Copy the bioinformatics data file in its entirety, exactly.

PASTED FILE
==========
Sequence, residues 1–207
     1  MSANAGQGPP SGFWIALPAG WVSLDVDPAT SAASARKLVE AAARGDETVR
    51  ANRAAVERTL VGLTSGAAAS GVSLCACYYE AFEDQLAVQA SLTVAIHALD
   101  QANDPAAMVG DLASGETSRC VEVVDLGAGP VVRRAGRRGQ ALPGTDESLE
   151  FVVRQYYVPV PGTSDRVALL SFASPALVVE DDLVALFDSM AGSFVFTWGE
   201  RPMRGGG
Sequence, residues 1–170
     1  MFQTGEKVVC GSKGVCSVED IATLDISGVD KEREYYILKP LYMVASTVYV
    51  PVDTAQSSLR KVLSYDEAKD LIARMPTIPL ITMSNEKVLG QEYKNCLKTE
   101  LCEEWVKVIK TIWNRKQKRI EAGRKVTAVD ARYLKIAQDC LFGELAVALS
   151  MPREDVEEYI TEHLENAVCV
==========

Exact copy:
Sequence, residues 1–207
     1  MSANAGQGPP SGFWIALPAG WVSLDVDPAT SAASARKLVE AAARGDETVR
    51  ANRAAVERTL VGLTSGAAAS GVSLCACYYE AFEDQLAVQA SLTVAIHALD
   101  QANDPAAMVG DLASGETSRC VEVVDLGAGP VVRRAGRRGQ ALPGTDESLE
   151  FVVRQYYVPV PGTSDRVALL SFASPALVVE DDLVALFDSM AGSFVFTWGE
   201  RPMRGGG
Sequence, residues 1–170
     1  MFQTGEKVVC GSKGVCSVED IATLDISGVD KEREYYILKP LYMVASTVYV
    51  PVDTAQSSLR KVLSYDEAKD LIARMPTIPL ITMSNEKVLG QEYKNCLKTE
   101  LCEEWVKVIK TIWNRKQKRI EAGRKVTAVD ARYLKIAQDC LFGELAVALS
   151  MPREDVEEYI TEHLENAVCV